Vanilla Cheesecake Mint White Chocolate Mousse and Strawberry Gelée Bites

This month’s Daring Bakers challenge, hosted by Jenny from JennyBakes, was Abbey’s Infamous Cheesecake. My sincere thank you to Jenny not just for hosting, but also for not limiting us with rules and restrictions, for providing with an opportunity to create a dessert suiting everyone’s taste. We were free to choose any flavor combination as well as presentation options.

I didn’t change the original cheesecake recipe, except for omitting a graham crust (I’m not very fond of it, to be honest) and adding a tablespoon of flour to the batter (an old habit, couldn’t help myself). I scaled the recipe down, but baked the cheesecake in a required 9-inch pan, so the cake was not too tall and could be easily cut into small rounds. These cheesecake cut-outs were fit inside crispy caramelized phyllo tubes (cylinders) baked earlier. Sticky cheesecake bottoms were then dipped into coarsely ground pistachios creating some sort of a crust and preventing the dessert from adhering to a serving platter. The mint infused white chocolate mousse was piped over the cheesecake and, after the mousse was set, the strawberry gelée, cut into small cubes, was piled over the mousse layer. A little bit more of the pistachios and fresh mint leaves for garnish completed the picture.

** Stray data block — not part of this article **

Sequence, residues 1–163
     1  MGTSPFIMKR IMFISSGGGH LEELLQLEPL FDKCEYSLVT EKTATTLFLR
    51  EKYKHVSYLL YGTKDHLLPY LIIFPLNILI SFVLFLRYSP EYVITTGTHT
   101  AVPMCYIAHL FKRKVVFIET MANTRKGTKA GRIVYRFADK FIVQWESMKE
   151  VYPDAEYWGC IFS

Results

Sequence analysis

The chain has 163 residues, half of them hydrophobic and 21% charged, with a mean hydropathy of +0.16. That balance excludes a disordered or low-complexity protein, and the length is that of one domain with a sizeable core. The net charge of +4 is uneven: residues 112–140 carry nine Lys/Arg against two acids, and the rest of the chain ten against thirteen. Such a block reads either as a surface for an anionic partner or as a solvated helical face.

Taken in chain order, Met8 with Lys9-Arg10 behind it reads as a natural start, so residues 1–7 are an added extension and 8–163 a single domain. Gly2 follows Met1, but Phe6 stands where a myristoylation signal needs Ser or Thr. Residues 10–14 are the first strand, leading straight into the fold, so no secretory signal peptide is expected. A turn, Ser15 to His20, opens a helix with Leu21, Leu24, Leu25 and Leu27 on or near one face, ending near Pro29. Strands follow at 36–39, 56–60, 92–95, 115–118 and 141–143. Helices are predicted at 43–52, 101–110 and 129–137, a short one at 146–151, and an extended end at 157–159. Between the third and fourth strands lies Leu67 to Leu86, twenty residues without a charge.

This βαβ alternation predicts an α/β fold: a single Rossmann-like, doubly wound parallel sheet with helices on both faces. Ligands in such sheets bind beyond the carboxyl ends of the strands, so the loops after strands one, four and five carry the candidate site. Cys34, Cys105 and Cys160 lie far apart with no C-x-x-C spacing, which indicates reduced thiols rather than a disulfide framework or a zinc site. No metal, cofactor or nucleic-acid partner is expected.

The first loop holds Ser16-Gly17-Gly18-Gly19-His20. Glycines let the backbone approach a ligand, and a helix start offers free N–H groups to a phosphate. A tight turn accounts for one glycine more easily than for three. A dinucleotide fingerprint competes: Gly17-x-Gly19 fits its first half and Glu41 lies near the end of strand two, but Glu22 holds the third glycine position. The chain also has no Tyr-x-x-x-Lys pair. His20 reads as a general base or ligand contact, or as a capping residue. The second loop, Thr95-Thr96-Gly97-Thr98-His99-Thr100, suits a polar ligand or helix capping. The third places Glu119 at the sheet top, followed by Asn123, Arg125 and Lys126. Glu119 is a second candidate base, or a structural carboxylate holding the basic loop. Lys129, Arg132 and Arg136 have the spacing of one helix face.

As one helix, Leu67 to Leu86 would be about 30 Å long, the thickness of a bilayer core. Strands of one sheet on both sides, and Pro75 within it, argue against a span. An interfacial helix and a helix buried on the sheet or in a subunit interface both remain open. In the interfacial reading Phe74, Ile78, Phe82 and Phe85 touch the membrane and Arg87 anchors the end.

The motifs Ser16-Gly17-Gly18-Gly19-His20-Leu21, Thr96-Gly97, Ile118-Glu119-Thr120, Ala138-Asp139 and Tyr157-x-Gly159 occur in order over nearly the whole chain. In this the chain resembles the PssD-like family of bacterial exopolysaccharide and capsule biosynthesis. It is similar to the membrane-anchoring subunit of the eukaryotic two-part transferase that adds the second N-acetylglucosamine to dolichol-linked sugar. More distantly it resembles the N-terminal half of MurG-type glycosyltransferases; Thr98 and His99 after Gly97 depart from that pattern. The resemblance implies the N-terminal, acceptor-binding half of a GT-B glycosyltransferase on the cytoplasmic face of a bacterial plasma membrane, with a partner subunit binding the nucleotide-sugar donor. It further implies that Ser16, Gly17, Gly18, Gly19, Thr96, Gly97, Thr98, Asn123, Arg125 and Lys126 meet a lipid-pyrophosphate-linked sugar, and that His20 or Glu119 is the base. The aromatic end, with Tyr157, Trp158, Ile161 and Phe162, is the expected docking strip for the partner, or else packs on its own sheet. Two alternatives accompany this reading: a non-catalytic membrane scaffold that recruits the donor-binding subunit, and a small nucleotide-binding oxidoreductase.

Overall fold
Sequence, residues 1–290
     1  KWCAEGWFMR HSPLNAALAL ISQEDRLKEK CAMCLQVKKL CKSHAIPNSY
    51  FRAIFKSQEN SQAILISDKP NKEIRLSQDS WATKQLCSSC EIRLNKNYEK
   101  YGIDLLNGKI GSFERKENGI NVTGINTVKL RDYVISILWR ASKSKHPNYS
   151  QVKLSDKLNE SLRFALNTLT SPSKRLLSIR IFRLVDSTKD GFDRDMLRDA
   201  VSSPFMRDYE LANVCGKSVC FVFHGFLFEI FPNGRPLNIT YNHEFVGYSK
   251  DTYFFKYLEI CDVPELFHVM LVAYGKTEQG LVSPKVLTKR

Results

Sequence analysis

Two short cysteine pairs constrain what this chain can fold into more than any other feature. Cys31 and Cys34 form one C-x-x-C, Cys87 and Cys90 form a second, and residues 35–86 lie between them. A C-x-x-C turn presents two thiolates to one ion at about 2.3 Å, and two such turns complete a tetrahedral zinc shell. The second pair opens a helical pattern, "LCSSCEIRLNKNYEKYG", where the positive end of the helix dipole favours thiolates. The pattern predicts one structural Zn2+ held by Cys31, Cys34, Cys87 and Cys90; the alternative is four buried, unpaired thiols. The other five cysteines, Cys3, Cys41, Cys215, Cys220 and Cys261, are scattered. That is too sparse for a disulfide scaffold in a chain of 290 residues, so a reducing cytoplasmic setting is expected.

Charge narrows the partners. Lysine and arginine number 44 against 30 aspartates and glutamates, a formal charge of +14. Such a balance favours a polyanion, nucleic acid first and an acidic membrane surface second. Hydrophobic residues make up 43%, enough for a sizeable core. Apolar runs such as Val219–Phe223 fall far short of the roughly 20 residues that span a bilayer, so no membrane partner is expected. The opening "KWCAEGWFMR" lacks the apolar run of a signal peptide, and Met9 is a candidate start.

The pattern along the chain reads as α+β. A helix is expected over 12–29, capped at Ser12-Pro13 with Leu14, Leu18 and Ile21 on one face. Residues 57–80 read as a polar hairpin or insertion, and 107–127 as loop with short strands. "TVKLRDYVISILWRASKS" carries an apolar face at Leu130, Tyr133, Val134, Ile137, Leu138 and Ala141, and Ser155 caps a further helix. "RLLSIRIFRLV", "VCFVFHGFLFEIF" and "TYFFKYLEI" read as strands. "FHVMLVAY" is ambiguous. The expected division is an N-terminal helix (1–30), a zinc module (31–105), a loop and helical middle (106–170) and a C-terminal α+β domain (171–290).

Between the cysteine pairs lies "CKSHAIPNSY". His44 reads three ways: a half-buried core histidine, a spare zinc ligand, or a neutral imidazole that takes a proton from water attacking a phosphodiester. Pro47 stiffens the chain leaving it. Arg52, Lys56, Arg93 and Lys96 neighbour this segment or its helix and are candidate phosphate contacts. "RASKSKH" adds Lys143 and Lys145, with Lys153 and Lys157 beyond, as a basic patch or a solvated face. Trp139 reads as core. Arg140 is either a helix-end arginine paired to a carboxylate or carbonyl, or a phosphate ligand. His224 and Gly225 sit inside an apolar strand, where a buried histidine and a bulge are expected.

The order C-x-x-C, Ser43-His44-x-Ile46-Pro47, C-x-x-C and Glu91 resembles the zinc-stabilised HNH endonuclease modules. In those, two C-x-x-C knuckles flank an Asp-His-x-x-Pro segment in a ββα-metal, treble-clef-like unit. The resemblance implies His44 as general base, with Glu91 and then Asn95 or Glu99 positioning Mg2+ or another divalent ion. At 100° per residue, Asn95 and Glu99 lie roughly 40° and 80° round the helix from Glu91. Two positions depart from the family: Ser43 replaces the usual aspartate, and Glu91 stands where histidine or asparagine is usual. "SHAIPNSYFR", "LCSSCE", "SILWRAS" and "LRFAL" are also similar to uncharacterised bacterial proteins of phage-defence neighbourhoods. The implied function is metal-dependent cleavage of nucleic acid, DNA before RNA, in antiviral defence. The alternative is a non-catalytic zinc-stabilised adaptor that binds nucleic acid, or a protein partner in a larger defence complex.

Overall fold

They are easy to handle, small-portioned, one-bite (ok, maybe two-bites for some of us, always struggling with those huge sushi rolls as I am) dessert which I found satisfying enough and sufficient for serving one per person (after a good meal).

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Caramelized Phyllo and Pumpkin Marshmallow Napoleons

Caramelized Phyllo and Pumpkin Marshmallow Napoleons

A pumpkin pie that I would love is an ongoing project. I’ve tested dozens of recipes but haven’t yet found the favorite one. As soon as I hit it I’ll certainly share my discovery with you. Meanwhile, there’s a whimsy but tasty alternative. Caramelized phyllo rounds (or it can be any other shape appealing to your eye) can be made a day in advance and they would still preserve their crispiness if you store them in an airtight container away from moisture. But the whole stack shouldn’t be assembled more than 2-3 hours in advance to ensure crispy pastry. I served the napoleons with caramelized spicy-salty walnuts, candied ginger, and some maple syrup drizzled over.

Also there’s a thought worthy to be mentioned. I found that the baking of phyllo flattened under a weight is a great solution when the store bought phyllo pastry turns out to be too dry and too fragile (due to improper storage, I suspect) to be used for any other baking needs requiring rolling-shaping. Nothing has to be wasted, it still can be transformed into delicious stuff. There are thousands of possible filling variations as well as presentation options.

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Apple Strudel with Cranberry Sauce

Apple Strudel

Farmers’ markets smell like apples. It’s impossible not to buy some when you are there. What’s more difficult is to resist the temptation of buying more apples than you actually need – happens to me all the time…